Scrolling Headlines:

UMass basketball lands transfer Kieran Hayward from LSU -

May 18, 2017

UMass basketball’s Donte Clark transferring to Coastal Carolina -

May 17, 2017

Report: Keon Clergeot transfers to UMass basketball program -

May 15, 2017

Despite title-game loss, Meg Colleran’s brilliance in circle was an incredible feat -

May 14, 2017

UMass softball loses in heartbreaker in A-10 title game -

May 14, 2017

Navy sinks UMass women’s lacrosse 23-11 in NCAA tournament second round, ending Minutewomen’s season -

May 14, 2017

UMass softball advances to A-10 Championship game -

May 13, 2017

UMass basketball adds Rutgers transfer Jonathan Laurent -

May 13, 2017

UMass women’s lacrosse gets revenge on Colorado, beat Buffs 13-7 in NCAA Tournament First Round -

May 13, 2017

Meg Colleran dominates as UMass softball tops Saint Joseph’s, advances in A-10 tournament -

May 12, 2017

Rain keeps UMass softball from opening tournament play; Minutewomen earn A-10 honors -

May 11, 2017

Former UMass football wide receiver Tajae Sharpe accused of assault in lawsuit -

May 10, 2017

Justice Gorsuch can save the UMass GEO -

May 10, 2017

Minutemen third, Minutewomen finish fifth in Atlantic 10 Championships for UMass track and field -

May 8, 2017

UMass women’s lacrosse wins A-10 title for ninth straight season -

May 8, 2017

Dayton takes two from UMass softball in weekend series -

May 8, 2017

Towson stonewalls UMass men’s lacrosse in CAA Championship; Minutemen season ends after 9-4 loss -

May 6, 2017

Zach Coleman to join former coach Derek Kellogg at LIU Brooklyn -

May 5, 2017

UMass men’s lacrosse advances to CAA finals courtesy of Dan Muller’s heroics -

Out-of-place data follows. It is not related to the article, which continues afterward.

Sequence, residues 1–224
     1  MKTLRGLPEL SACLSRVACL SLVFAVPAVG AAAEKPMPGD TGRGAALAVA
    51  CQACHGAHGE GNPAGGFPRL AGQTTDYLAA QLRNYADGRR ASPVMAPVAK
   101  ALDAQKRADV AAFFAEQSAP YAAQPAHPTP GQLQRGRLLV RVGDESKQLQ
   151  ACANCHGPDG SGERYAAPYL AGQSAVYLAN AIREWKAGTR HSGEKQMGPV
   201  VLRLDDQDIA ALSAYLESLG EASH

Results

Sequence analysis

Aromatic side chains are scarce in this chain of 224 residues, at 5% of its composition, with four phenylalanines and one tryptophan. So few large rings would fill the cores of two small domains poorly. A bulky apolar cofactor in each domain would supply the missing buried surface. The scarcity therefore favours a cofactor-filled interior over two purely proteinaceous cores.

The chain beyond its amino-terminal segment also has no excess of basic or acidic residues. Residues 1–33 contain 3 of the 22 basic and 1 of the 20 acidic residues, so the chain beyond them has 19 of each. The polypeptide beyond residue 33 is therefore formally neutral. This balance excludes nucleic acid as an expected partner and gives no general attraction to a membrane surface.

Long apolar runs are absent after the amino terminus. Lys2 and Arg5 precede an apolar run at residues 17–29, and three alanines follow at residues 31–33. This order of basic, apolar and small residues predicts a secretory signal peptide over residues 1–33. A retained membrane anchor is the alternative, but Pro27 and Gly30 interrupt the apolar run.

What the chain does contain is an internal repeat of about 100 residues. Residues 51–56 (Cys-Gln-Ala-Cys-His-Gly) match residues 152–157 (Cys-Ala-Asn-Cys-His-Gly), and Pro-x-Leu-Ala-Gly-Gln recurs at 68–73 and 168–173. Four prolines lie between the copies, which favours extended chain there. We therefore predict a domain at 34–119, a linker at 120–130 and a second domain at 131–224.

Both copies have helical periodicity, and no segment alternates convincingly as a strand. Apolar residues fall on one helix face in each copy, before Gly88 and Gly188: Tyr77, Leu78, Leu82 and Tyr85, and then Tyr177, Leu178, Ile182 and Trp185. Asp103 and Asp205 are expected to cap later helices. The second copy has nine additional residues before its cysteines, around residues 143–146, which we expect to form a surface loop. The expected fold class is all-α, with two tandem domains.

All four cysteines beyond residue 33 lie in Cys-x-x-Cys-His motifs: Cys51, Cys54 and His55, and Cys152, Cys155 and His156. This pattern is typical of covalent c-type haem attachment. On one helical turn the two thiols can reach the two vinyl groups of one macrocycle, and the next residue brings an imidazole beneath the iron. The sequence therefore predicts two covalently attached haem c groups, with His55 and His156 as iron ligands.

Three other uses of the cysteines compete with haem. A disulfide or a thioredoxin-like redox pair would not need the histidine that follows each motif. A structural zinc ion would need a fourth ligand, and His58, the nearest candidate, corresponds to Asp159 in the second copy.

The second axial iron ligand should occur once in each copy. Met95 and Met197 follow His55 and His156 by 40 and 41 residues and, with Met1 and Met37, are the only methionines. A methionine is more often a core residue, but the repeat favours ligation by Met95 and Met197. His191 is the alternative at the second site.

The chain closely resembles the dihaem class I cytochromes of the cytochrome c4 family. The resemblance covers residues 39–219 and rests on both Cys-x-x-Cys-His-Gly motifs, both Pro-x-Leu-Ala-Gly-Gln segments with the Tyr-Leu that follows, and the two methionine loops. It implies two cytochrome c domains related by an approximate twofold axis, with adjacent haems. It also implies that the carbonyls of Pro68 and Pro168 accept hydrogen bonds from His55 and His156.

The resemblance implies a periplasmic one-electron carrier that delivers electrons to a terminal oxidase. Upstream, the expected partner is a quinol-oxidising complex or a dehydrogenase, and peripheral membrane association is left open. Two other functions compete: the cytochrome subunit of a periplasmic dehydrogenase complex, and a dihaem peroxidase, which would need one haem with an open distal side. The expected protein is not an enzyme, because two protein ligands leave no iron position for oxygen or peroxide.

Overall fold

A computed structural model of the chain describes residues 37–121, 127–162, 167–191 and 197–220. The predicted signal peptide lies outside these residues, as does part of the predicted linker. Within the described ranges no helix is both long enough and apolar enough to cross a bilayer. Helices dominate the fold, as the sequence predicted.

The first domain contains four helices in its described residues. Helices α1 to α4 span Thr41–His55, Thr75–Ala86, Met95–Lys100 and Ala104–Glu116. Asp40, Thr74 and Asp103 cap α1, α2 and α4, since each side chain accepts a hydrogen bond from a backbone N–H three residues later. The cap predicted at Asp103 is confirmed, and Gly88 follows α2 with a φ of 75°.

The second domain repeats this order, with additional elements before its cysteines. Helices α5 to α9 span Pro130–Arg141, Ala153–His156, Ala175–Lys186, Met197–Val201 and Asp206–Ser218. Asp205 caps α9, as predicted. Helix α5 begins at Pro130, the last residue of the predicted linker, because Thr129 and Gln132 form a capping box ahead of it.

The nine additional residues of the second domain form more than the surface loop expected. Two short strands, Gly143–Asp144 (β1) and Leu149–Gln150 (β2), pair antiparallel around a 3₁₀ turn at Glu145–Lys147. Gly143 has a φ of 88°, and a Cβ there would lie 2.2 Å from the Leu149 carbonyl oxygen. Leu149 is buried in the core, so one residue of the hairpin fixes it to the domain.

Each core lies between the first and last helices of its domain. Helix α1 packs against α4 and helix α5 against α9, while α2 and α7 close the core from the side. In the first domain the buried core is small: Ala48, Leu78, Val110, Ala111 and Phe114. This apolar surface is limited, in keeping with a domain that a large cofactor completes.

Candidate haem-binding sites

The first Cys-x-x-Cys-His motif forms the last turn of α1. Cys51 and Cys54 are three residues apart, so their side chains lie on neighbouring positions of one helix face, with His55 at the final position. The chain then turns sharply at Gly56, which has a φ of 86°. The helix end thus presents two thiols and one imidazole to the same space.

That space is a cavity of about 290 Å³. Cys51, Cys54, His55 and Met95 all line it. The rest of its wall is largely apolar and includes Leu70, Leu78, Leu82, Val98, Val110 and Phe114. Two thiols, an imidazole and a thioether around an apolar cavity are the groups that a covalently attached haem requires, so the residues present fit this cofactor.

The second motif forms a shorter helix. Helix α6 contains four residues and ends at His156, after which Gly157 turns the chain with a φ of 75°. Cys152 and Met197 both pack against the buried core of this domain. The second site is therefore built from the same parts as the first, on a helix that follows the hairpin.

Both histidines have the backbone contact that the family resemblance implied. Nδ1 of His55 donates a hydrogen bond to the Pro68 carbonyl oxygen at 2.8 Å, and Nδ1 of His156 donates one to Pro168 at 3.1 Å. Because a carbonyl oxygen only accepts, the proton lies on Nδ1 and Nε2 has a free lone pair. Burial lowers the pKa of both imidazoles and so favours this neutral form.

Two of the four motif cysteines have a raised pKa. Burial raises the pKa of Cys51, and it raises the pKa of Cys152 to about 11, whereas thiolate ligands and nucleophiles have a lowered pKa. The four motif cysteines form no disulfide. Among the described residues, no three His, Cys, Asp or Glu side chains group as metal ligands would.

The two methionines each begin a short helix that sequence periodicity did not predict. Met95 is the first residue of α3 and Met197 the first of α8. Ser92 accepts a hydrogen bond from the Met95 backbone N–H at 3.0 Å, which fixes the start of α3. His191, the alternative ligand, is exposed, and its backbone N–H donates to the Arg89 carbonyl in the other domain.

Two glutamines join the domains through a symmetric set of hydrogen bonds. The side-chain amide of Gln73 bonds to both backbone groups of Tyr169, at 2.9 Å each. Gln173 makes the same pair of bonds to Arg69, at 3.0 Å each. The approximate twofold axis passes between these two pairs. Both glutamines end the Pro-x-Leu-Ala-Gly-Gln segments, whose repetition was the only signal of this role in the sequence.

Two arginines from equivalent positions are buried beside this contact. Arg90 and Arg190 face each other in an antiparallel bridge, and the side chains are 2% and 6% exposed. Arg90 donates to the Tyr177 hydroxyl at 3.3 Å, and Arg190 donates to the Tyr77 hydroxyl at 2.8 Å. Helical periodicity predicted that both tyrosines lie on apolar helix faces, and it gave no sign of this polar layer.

May 4, 2017

On campus: The liberal assault on free speech -

May 4, 2017

Justice Gorsuch can save the UMass GEO

Jong Man Kim/Collegian

The Graduate Employee Organization (GEO) at the University of Massachusetts claims to be a democratic union that organizes and represents all graduate employees at UMass Amherst. That does not, however, appear to be the case.

One might expect that an organization which represents all graduate employees would boast a leadership that is representative of the employees that it represents. The reality does not meet the expectations. Of the 17 people in positions of power within GEO, 12 of them, 70.6 percent, come from the Social and Behavioral Sciences (SBS). A further three are from Humanities and Fine Arts (HFA), and the two final members come from the College of Natural Sciences (CNS) and the College of Information and Computer Sciences (CICS). This is not representative of the graduate employees that it claims to represent. Public Health and Health Sciences (PH), Management (MGT), Nursing (NUR), Engineering (ENG) and other academic colleges are completely unrepresented among those in power.